Analyst’s Disclosure: I/we have no positions in any stocks mentioned, and no plans to initiate any positions within the next 72 hours. I wrote this article myself, and it expresses my own opinions. I am not receiving compensation for it (other than from Seeking Alpha). I have no business relationship with any company whose stock is mentioned in this article.

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Comments (5)

What I would term “expensive precision engineering” was the basis of this company a couple of decades ago, and formed the foundation for its very successful partial-transformation into a software and services business. I greatly admire the way that vertical-industry specialized niche businesses have been brought under the Roper umbrella. But the stock price is scary high.

Looking at the future outlook for more acquisitions, ROP is likely to be highly constrained by the huge amount of goodwill on its balance sheet, amounting to about $9 billion of its $18 billion assets as of 12/12/19. In fact the water on the balance sheet is about equal to the stockholders’ equity – deduct the goodwill from the assets, and the stockholders would be left with close to zero. This unlikely impairment may not worry the stockholders, but it’s a problem for ROP in raising more debt for future M&A.

And at the same time what’s left of the “expensive precision engineering” side (about 30% of the company) is subject to the same invidious trend in which complicated pumps, controls and other precision mechanical devices are being replaced by cheap, simple substitutes. The high-value-added complicated bits are replaced by control software, not necessarily coming from the same firm. (This trend is keeping me away from CMI, ALSN and others). I’m keeping ROP stock on my “buy the dip” list, preferably a big dip.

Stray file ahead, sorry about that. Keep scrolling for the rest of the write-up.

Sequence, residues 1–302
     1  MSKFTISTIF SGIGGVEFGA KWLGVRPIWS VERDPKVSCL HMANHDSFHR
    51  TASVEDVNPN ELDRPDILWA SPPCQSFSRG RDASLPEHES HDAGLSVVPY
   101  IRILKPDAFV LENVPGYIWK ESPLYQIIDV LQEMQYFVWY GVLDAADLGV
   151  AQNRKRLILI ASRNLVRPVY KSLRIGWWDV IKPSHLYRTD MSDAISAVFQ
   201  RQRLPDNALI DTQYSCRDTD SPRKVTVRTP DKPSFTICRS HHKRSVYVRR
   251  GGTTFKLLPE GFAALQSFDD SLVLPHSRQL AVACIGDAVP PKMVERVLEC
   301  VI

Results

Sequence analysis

Stephen Simpson profile picture
"Looking at the future outlook for more acquisitions, ROP is likely to be highly constrained by the huge amount of goodwill on its balance sheet ... but it’s a problem for ROP in raising more debt for future M&A. "

Or ... not.

Which other names do you see which trade at more discount? :)
Are you talking about AME, FTV, TDY, TMO? Or do you mean other branches?

What I see at ROP at the moment: a recession-resistant business model. A fair forward PE compared to history and especially considering the high FCF conversion, stability in revenues and track record of management.
Imo ROP offered a good chance to get in at $310 and that was exaclty what I did. I think the company will further increase FCF and stay asset-light which is something I appreciate
Guraaf profile picture
Super useful article and interesting to see you coming around to accept the elevated valuation levels that never seem to come down.
Stephen Simpson profile picture
Explicitly modeling M&A makes a big, big difference.
It's also another good reminder that the normal relationships between valuation drivers and valuations tend to break down on the extremes (same thing happens w/ banks; exceptionally high/low ROTCEs deviate substantially from the normal valuation parameters).